Susan Hawthorne In Defence of Separatism is a timely book. When it was first written in 1976, although it was an important subject of conversation among many feminists it was not welcomed by academics or publishers.
Through careful argument, Susan Hawthorne takes us through the ideas which are central to her argument. She analyses the nature of power, oppression, domination and institutions and applies these to heterosexuality, rape and romantic love. She concludes with a call for women, all women no matter their sexuality, to have separate spaces so they can work together to change the world and end patriarchy.
The alphabet soup that defines an ever-growing part of society is splitting apart, an increasing number of Lesbians and feminists are tired of all the noise from Transgender women – that’s women who were born male.
“I’m a lesbian and I feel alienated from what is supposed to be my own community. There’s no room for women with my lesbian feminist politics. What I feel is the loss of the strong movement and community we had in the 70s and 80s and into the 90s. (I go way back.)
“The LGBTQIA+ movement is actually in the process of splitting. There are now LGB Alliances In the UK, Ireland and the US (that I know of.)”
RT:“What has the transgender lobby done for feminism in the US, and globally?”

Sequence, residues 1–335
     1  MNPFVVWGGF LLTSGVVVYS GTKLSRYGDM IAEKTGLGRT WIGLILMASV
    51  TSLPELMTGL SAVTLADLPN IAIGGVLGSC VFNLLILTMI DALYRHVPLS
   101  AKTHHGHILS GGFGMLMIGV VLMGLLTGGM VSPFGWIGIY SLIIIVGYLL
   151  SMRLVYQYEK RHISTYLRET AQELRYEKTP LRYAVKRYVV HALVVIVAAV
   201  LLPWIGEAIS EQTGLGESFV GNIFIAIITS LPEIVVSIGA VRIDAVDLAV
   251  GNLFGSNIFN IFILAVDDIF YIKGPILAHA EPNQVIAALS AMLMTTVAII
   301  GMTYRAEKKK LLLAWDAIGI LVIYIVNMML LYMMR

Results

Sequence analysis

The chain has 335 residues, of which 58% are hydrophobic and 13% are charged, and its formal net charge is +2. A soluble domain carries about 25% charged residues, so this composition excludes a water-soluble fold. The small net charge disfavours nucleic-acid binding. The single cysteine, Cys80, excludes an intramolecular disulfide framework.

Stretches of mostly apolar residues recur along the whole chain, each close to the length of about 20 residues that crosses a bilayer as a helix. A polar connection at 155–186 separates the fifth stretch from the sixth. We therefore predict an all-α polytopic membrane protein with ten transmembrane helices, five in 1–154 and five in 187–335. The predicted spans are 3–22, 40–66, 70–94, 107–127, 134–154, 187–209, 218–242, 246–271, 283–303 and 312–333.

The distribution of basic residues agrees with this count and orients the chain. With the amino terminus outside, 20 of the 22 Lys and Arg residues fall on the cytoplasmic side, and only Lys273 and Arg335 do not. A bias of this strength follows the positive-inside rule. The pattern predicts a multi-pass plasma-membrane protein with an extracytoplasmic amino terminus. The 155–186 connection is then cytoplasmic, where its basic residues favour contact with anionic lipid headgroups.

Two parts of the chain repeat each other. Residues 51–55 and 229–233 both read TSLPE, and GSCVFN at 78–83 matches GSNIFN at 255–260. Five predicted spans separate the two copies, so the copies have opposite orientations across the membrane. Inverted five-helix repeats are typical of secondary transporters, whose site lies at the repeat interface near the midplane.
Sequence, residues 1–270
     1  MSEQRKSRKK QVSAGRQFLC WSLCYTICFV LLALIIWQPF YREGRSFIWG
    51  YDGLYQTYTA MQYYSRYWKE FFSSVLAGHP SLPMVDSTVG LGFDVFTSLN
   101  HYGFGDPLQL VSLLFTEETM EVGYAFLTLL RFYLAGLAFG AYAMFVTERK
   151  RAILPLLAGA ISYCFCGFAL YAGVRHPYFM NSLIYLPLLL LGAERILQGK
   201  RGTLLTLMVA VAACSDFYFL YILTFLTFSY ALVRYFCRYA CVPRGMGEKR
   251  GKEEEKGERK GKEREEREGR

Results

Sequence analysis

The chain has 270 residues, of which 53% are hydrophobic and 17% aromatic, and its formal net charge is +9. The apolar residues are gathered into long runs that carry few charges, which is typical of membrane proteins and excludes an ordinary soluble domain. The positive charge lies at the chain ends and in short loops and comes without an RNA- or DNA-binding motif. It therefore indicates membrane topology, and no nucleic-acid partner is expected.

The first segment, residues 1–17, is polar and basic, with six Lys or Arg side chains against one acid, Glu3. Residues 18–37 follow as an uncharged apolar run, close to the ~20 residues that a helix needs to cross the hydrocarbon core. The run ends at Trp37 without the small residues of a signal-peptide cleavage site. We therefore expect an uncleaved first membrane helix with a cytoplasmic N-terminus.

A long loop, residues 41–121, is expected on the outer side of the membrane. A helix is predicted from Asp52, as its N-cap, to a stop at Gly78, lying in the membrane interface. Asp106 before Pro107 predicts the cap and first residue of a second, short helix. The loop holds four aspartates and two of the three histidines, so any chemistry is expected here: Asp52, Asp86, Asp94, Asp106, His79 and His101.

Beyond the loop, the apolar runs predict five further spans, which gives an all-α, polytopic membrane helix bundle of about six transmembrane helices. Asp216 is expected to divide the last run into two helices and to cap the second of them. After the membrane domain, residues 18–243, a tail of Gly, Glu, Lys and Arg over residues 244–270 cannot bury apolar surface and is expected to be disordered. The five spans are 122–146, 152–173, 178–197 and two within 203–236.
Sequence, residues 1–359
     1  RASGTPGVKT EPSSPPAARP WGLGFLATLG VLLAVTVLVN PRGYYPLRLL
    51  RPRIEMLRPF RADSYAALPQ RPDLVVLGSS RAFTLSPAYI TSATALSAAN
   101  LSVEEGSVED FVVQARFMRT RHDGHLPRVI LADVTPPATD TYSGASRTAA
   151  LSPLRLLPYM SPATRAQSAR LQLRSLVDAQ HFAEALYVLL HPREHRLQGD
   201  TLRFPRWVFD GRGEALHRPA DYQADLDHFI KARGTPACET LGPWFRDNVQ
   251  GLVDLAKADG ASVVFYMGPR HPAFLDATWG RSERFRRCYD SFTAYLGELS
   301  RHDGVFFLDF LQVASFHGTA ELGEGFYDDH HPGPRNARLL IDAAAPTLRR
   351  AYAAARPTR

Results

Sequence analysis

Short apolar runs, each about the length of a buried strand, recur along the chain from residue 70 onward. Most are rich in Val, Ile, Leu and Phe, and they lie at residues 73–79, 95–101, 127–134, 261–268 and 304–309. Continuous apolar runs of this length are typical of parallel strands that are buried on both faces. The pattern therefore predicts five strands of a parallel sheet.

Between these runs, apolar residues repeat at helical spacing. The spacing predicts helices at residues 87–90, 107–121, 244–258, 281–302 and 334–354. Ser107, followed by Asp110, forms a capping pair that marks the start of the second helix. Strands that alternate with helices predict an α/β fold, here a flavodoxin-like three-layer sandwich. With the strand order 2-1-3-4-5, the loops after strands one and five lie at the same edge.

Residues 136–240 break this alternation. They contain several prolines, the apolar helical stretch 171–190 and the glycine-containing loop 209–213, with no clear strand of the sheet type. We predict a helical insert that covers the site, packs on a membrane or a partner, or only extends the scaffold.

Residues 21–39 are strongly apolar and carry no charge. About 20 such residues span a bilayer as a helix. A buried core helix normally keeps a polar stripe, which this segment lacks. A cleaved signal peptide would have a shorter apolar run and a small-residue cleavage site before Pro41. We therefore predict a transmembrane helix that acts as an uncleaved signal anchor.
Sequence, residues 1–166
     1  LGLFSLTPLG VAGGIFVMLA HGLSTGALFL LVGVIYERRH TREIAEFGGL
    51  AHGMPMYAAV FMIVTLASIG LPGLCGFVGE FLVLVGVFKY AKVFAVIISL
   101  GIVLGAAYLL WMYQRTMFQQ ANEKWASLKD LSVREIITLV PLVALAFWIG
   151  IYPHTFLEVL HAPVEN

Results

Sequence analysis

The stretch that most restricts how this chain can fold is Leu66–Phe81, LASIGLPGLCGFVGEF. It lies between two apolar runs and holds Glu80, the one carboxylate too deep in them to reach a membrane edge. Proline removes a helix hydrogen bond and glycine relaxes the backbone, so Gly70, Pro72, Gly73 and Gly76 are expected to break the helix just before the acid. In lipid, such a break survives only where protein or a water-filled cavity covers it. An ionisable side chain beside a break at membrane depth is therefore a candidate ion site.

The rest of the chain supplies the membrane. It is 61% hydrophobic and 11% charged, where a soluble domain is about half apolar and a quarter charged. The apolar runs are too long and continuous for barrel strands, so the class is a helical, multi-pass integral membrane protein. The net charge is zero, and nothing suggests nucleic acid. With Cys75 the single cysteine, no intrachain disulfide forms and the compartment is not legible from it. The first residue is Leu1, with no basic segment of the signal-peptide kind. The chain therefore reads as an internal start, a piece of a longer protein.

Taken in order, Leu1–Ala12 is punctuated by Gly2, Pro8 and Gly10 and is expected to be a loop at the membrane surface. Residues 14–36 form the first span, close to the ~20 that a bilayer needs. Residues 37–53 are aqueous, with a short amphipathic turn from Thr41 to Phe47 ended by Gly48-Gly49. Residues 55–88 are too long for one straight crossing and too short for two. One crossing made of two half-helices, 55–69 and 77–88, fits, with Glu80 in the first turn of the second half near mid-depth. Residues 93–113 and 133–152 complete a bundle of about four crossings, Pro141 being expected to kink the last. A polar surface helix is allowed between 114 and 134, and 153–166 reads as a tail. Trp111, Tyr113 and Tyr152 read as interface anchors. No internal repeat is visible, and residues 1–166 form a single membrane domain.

SE:“It has weakened our ability to name ourselves, to talk about our bodies and reproductive capacities and our lives and to organize as females for our liberation as a sex.
“It has contributed to the destruction of lesbian feminist culture and communities.
“It has led to attacks on female only programs that we need due to sex-based oppression and discrimination, to allow us to advance in society. Those include battered women’s shelters, rape crisis centers, sports programs, affirmative action programs for females in employment, education and politics, such as special scholarships or training programs including for women studying STEM (science, technology, engineering and maths) programs or entering the trades.
“And female only facilities/spaces where we are in various states of undress or physically vulnerable are being eliminated despite the persistence of male violence against women and girls that is still pervasive.”
The silencing of dissident opinion is frightening, a modern day witch-hunt. A clash of rights has emerged which can only be resolved by free respectful discussion and debate.”
This week, a full-page advertisement appeared in The New York Times. It was in the form of a letter addressed to the newly inaugurated President of the United States, Joe Biden.
“Dr President Biden,” it read. “You know this well: Mums are the bedrock of society. And we’re tired of working for free.”
The ad is part of a campaign called “The Marshall Plan for Mums” led by author, activist and founder of Girls Who Code, Reshma Saujani.
It’s backed by 50 high-profile women who co-signed the letter, including the founder of the #metoo movement Tarana Burke and actors Alyssa Milano, Connie Britton, Charlize Theron, Amy Schumer, Julianne Moore and Eva Longoria.
Together, they are calling for the US government to pay mothers for parental labour and to introduce a raft of family-friendly policies that could help rebuild the economy amid the COVID-19 pandemic.
“Motherhood isn’t a favour, and it’s not a luxury. It’s a job,” the letter read.